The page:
In a black and white world, the internet is like a big grey area. It has shifted our view of acceptable ways to deal with other people, which has no doubt magnified some dark aspects of human behaviour.
A 2017 survey by The Pew Research Center shows some alarming, but sadly not surprising findings supporting the rise in antisocial online behaviour. For instance, online abuse had been experienced by 41% of respondents and 66% had seen it directed at others.
Here, we will discuss the different forms of online abuse, along with some practical tips on how to deal with it should it happen to you.
This type of behaviour is not outright cyberbullying, but it’s not socially acceptable either. Digital cruelty refers to the run-on effects of the pervasive sentiment that “everyone is fair game online”.
Varying levels of anonymity across different websites lead to a phenomenon penned as the Online Disinhibition Effect. This leads to people feeling emboldened to “act out” online in one way or another, and unfortunately, it’s usually negative.
Digital cruelty is commonly seen in cases where people make strong statements and reveal more about themselves or their beliefs than they would in real life. It can be either general or targeted in nature.
A more widely-known manifestation of online abuse, cyberstalking can take many forms. These include:
- Making unwanted contact over online means, e.g. texting, instant messaging, emailing or calling
- Monitoring your movements or behaviour online with GPS, tracking apps or other spyware
- Threatening to share embarrassing material about you in hopes of humiliating you
Unfortunately, there are many more ways to cyberstalk someone beyond the ways outlined above.
Also spelled “doxxing”, this term comes from the phrase “dropping dox”, a 1990s hacker term meaning “documents”. These “documents” contain identifying information about a person, such as their address, place of work, personal phone number and more.
These details are used against the target with the goal of attracting harassment. Prevalent on sites like 4chan, doxing someone can easily result in significant distress for the target.
As discussed at length in our previous blog, trolling is a prevalent form of online abuse. Often disguised as “just a joke” and downplayed as “that’s just how people are online”, trolling can have disastrous implications for those affected.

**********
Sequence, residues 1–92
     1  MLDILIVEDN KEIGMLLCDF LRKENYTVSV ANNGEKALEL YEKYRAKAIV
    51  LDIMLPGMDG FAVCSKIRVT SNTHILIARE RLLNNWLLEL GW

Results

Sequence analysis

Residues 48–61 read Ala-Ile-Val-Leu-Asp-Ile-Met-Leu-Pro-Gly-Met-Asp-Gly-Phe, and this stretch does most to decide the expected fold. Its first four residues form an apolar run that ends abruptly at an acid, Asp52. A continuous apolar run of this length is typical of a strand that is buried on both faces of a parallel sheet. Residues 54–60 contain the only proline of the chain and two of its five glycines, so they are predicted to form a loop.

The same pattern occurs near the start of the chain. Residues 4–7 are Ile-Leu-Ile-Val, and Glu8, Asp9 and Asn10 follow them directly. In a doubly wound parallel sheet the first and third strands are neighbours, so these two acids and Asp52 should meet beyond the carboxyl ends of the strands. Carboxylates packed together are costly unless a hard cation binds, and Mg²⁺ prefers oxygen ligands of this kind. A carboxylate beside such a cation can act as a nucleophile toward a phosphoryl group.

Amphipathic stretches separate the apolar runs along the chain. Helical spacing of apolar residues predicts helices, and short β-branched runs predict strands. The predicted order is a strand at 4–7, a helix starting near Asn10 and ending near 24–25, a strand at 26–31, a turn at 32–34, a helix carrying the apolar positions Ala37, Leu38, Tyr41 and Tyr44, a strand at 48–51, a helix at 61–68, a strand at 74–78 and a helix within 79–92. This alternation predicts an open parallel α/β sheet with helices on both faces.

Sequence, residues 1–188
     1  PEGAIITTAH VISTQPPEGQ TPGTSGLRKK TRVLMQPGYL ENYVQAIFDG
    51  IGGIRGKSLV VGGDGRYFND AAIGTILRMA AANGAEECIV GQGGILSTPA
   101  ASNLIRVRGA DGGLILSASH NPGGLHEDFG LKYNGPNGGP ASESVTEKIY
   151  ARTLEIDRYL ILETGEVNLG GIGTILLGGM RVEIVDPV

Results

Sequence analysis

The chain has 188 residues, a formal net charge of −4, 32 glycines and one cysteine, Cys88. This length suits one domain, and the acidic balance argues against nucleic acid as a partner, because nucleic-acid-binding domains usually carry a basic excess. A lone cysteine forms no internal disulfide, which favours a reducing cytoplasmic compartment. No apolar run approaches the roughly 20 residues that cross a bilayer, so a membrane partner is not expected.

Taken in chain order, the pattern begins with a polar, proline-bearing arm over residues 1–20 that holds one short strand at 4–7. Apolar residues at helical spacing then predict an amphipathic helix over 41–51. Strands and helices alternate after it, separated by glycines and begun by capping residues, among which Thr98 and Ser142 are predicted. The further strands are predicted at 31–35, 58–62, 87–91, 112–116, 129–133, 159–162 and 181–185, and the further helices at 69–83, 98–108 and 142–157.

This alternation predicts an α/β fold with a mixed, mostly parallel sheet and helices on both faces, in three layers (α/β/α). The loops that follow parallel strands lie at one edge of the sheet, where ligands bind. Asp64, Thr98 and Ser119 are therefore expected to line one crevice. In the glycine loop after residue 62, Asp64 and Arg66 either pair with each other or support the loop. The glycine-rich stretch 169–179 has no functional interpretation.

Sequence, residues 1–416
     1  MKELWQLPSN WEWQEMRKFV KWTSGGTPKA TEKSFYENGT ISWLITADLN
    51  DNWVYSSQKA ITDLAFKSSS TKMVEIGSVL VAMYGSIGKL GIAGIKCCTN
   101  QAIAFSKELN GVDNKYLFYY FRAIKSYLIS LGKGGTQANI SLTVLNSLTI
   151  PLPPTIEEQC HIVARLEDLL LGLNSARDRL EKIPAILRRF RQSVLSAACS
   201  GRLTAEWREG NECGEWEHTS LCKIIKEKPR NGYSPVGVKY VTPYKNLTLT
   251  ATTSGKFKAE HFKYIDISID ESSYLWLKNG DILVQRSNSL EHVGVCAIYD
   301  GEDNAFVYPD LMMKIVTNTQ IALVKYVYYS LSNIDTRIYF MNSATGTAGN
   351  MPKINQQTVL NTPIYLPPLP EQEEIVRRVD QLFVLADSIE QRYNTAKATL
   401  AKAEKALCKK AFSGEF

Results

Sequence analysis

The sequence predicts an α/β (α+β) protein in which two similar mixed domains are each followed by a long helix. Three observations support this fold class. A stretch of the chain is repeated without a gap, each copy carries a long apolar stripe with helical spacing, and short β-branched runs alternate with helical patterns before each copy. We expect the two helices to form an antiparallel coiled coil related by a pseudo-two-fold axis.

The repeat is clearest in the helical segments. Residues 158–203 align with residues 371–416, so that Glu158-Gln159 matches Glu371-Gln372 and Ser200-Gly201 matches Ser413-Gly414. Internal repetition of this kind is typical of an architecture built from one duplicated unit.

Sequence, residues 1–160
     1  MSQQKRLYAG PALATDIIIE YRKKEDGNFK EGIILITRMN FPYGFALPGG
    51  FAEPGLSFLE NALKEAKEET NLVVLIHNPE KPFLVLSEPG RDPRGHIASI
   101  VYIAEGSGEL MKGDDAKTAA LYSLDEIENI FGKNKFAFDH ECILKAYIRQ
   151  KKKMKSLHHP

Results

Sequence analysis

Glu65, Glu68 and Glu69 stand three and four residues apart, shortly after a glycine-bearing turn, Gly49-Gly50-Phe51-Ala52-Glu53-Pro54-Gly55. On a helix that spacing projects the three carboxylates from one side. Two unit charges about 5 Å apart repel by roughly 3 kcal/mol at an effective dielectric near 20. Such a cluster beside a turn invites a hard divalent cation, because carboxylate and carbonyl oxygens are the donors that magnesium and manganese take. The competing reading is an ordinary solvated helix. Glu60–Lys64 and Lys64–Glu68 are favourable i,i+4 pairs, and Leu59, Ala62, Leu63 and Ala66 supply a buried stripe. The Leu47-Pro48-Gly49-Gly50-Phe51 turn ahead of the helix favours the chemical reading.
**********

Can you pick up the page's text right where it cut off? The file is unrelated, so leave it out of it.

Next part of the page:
Sometimes, it can be “just a joke” – however, it tends to escalate into outright bullying once the snowball effect occurs. People pile on further troll comments on top of the original until it becomes unbearable.
Known as Digital Identity Theft in its more severe forms, the phenomenon of Malicious Impersonation arrested legal attention by 2010 and made itself known as an ever-growing threat to digital denizens worldwide.
Malicious Impersonation can affect both individuals and businesses, often carried out through phishing scams via messages from fake customer service representatives. This passes on important details about your identity to the scammers, leaving your bank account vulnerable.
Image-Based Abuse/Revenge Porn
A top-ranking scenario of dread for women (and men) across the globe, Revenge Porn refers to the unauthorised sharing of intimate images of another person.
This is easily one of the lowest acts a person can commit online, and no one deserves to be on the receiving end of this treatment.
What You Can Do
Make sure you enact the tips below if you are experiencing any of the above scenarios.
Keep A RecordBe absolutely unscrupulous in keeping exact documentation of all offensive communications. You may need to provide it as evidence in future if it escalates to that point.
Don’t Be SilentDon’t let the perpetrators win. For your own wellbeing, don’t “just log off” and let yourself be punished by online abusers.
Standing up for yourself may not look how you think though – for instance, it’s not always the best idea to address bullies directly. This can muddy the waters if you need to pursue further action. Instead, find other people in your situation who can provide sound advice.
Protect YourselfTake measures to fortify your security and safety online to reduce the likelihood of future attacks. These include setting up 2-Step Verification, strengthening your passwords, being mindful of what you post online and being aware of posts associated with your name (so basically, Google yourself regularly).
Consult the Professionals
When people say “get professional help”, they often mean psychological help. This, of course, is often advisable in situations of severe mental distress.
In this context, “professional help” has other connotations. If people are posting content about you that affects your reputation and wellbeing online, you would seriously benefit from speaking to Removify.
The Content Removal Specialists at Removify understand how online abuse can hurt people, and offer tailored plans to rebalance the scales again. If you’re being affected by harmful online content, reach out to Removify today.